By our count only nine times in the 126 years that the government has been keeping score officially have three measurable snows fallen upon Philadelphia before Dec. 15.

If the forecast stays on track – and that will remain a significant if until the last minute in all likelihood – by day's end Saturday will become the 10th time.

It hasn't happened since 1995, and those who were around will recall that those three early snowfalls were mere appetizers.

The snowstorm of the subsequent Jan. 7-8 remains the all-timer with 30.7 inches measured officially, a total that has withstood some stiff challenges in recent years.

The seasonal total, 65.3 inches, remains No. 2 on the list, after 2009-10.

For snow-lovers looking for signs of hope in the early snows, of the nine seasons with the three or more early-season snowfalls, six finished way above normal.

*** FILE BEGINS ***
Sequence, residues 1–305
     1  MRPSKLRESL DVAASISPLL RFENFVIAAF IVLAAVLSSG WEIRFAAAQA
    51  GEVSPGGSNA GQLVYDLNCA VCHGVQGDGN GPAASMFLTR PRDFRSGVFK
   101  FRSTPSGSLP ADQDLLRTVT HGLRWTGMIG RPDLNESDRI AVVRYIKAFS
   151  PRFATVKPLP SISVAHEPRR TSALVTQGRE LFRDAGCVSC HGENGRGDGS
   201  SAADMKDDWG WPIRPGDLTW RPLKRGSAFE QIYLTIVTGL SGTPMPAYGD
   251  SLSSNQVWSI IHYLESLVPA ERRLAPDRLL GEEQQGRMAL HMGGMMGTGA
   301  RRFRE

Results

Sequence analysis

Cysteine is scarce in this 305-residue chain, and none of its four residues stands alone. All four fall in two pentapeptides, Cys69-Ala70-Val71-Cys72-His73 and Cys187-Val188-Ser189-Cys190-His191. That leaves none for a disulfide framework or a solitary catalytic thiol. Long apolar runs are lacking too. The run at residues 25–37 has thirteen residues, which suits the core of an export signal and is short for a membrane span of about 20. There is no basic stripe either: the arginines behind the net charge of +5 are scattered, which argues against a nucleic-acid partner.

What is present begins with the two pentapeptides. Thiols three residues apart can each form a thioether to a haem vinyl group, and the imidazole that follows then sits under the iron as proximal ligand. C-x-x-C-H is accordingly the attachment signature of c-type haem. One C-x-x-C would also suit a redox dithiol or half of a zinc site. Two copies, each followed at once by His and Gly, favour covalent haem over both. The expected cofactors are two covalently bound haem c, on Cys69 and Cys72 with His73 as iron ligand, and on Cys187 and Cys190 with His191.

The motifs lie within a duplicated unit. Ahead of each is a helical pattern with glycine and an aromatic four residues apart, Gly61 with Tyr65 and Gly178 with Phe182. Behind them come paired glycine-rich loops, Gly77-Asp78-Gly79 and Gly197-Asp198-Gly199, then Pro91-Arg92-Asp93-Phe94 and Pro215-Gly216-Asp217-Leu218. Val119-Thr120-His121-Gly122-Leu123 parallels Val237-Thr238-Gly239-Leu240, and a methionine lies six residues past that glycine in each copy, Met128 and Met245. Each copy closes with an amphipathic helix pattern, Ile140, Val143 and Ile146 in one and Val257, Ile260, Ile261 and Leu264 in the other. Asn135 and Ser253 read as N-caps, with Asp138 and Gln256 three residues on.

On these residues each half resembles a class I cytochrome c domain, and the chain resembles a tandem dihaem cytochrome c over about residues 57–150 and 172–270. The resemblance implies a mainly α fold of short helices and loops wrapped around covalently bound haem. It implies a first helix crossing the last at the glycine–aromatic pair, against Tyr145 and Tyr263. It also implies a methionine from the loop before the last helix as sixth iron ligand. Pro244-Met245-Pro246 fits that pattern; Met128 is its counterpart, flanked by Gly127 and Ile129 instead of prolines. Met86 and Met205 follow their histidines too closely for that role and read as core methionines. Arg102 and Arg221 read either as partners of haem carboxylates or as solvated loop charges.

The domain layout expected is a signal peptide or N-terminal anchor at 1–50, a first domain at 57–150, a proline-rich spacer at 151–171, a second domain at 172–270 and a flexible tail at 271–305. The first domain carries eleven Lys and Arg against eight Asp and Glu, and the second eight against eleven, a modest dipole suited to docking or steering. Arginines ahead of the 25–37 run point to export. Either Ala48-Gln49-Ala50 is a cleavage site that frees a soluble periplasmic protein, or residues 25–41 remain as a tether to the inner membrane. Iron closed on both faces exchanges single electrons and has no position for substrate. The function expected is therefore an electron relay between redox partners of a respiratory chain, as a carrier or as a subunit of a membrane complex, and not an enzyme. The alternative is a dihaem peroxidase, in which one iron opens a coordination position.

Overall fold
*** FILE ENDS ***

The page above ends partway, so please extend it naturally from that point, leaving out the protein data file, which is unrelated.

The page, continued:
The average for the nine season was 34.9, compared with the overall long-term average of about 22.

For those rooting against snow, we can offer a couple of notable exceptions, including the winter of 1989-90.

That was the year of a Thanksgiving snowstorm, and a follow-up on Dec. 8. But of the 17 inches measured that winter, only 7.1 fell after Jan. 1, and both January and February were balmy.